Not all cases of lung cancer are caused by a lifetime of smoking.
An estimated 10 to 15 per cent of people stricken with the potentially deadly disease have never smoked a cigarette, cigar or pipe. And a new study suggests that non-smoking women may be more prone to lung cancer than non-smoking men.
Using statistics from both the United States and Sweden, the research team found that about 8 per cent of lung-cancer cases in males and close to 20 per cent of cases in females are among "never-smokers."
So, why does lung cancer seem to pick on women? "We just don't know," said Heather Wakelee, the lead researcher at Stanford University school of medicine in California.
In their paper, published in the Journal of Clinical Oncology, the researchers point to a variety of factors that might trigger cancer in abstainers.
They include environmental and occupational exposures to certain substances such as asbestos and chromium.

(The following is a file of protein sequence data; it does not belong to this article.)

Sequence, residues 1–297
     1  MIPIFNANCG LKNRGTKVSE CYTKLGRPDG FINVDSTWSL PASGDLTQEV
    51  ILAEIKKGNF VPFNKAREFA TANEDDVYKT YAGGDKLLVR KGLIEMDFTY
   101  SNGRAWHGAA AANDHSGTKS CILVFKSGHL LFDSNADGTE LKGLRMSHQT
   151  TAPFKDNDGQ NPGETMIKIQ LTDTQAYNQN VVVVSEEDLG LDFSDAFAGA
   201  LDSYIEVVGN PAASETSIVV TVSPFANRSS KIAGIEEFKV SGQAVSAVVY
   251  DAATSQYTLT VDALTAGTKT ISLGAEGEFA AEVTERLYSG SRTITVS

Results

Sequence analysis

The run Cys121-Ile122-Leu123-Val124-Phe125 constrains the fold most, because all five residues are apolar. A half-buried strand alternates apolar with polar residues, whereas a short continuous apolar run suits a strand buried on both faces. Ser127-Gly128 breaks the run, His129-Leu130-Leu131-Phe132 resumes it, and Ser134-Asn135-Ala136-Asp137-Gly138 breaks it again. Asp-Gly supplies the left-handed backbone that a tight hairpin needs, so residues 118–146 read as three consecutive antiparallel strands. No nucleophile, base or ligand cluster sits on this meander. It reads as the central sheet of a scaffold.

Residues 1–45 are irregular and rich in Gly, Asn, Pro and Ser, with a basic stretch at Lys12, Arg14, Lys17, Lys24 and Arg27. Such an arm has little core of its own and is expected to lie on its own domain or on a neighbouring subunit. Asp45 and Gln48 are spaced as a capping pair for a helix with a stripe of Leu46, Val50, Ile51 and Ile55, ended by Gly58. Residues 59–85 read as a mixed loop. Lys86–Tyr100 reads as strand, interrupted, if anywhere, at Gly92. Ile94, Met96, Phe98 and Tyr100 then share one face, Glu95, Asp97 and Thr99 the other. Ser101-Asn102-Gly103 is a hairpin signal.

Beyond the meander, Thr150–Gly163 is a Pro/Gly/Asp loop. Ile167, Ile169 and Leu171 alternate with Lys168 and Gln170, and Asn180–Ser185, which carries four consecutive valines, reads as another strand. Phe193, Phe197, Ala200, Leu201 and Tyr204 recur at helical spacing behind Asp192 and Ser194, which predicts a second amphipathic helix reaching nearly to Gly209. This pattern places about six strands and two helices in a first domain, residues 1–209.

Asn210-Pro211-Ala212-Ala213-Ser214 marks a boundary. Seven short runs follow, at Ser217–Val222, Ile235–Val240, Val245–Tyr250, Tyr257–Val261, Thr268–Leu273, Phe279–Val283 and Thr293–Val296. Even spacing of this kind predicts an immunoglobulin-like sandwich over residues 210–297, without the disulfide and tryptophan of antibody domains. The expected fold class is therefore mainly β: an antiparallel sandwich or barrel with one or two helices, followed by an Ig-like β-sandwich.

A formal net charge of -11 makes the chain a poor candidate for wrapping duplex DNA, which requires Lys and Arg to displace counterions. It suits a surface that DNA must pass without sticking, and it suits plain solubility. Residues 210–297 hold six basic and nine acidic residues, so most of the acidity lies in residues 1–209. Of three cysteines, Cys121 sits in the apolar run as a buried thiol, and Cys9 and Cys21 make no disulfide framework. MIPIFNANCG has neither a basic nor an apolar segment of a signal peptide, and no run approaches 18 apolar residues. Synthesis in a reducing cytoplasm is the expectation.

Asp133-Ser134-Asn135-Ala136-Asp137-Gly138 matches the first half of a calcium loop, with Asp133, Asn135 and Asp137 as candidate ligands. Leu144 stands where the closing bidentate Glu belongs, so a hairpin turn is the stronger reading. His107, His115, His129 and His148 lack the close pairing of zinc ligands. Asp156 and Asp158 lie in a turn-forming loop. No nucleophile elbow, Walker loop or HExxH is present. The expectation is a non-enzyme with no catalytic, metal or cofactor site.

Radon, seeping into homes from underground sources, has also been linked to lung cancer. And arsenic in drinking water has been implicated.
Yet none of these factors seem to explain the higher rates found in women. The answer to the riddle might be found in hormonal levels or other physical differences in women and men.
But it is also possible that some cases are still tied to smoking -- at least indirectly.
Secondhand smoke, for example, could explain part of the gender difference, speculated Ellen Chang, a co-author of the study. Because more men smoke than women, she said, women may be more likely to be exposed to secondhand smoke.